Clover Hill July 28th 1825.
After the most deliberate review of the arguments for and against my acceptance of the Chair in the University, which has been lately offered to me, I still retain the opinion, with which I left Monticello, and must decline the invitation. It is not without great reluctance that I determine on a course in anywise thwarting your views, touching an institution, in which you have taken so warm an interest, and have rendered to the State such important and lasting service. I have never considered my decision in this matter of further consequence, than as retarding the filling the only vacant chair, and possibly, by the influence of example, adding to the difficulties in the way of that object, and this has not seemed to me an adequate consideration for the personal sacrifices, I should be compelled to make. These cannot be well measured by a mere arithmetical computation of pecuniary profits; but may be better estimated by reference to the feelings of a man at that stage of life, when his plans and purposes ought to be settled, who is tolerably well established, and who is required at once to abandon all his old pursuits, and commence new modes of life, new habits, and new occupations, with no hopes of retracing his steps, if they should not succeed. I am satisfied I may rely on your candor for a just appreciation of these motives.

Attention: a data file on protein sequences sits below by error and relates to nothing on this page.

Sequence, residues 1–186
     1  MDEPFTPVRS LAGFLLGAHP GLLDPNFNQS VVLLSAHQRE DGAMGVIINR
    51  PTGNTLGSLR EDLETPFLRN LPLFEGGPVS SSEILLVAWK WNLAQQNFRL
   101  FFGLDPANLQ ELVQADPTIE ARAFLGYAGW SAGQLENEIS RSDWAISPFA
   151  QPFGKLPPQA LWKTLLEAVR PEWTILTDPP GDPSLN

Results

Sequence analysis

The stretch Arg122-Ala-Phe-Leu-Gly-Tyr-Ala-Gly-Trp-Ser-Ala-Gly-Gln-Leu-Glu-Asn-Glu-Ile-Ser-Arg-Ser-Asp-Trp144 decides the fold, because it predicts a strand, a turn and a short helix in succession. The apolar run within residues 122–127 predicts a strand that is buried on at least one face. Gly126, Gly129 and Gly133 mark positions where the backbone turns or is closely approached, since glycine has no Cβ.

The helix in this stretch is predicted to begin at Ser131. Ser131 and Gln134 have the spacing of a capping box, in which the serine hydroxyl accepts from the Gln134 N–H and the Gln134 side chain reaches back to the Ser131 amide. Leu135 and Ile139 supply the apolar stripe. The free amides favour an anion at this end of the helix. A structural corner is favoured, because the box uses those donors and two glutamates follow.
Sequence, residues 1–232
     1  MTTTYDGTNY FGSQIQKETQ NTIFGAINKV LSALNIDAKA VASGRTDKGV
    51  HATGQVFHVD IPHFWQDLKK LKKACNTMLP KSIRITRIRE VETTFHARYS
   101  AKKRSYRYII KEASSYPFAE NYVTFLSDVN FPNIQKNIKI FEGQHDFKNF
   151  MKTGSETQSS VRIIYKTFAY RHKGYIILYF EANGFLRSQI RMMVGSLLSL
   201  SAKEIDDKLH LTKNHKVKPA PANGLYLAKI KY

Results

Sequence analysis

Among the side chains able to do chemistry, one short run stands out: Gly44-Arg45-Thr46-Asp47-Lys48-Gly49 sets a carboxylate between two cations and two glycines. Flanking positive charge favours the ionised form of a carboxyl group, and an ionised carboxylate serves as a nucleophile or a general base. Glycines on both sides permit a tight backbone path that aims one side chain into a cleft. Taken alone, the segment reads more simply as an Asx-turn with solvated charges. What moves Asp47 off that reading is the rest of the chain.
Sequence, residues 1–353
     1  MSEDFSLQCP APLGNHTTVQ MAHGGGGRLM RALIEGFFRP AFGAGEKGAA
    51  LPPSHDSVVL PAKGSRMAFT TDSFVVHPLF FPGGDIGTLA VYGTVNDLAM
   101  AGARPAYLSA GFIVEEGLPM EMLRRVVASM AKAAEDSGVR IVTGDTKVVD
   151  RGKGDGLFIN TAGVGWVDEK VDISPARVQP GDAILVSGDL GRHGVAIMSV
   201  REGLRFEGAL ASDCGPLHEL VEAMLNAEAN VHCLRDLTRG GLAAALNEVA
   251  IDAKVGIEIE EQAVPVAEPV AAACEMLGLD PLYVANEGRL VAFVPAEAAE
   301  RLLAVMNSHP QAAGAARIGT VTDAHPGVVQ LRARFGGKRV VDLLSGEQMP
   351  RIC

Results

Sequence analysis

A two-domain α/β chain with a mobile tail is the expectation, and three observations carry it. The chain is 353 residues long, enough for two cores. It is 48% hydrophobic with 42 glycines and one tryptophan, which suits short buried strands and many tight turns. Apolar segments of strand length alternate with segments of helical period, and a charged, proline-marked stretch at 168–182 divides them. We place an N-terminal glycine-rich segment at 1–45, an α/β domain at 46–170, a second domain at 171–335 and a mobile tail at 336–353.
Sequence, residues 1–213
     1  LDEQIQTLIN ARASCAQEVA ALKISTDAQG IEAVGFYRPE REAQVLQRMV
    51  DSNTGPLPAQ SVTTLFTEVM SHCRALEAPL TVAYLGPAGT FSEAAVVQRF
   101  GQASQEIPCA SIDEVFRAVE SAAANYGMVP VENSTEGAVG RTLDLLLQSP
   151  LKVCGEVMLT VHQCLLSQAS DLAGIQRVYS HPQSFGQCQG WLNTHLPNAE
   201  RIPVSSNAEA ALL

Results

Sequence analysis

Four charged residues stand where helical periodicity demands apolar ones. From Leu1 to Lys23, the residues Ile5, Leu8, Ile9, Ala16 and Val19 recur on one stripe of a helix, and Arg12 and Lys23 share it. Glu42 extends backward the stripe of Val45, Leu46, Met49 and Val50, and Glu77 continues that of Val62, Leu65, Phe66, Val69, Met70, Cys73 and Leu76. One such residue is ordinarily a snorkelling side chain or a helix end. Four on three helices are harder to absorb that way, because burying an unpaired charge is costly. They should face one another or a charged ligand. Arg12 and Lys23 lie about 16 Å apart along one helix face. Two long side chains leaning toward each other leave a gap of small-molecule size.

Wm A. G. Dade
DLC: Papers of Thomas Jefferson.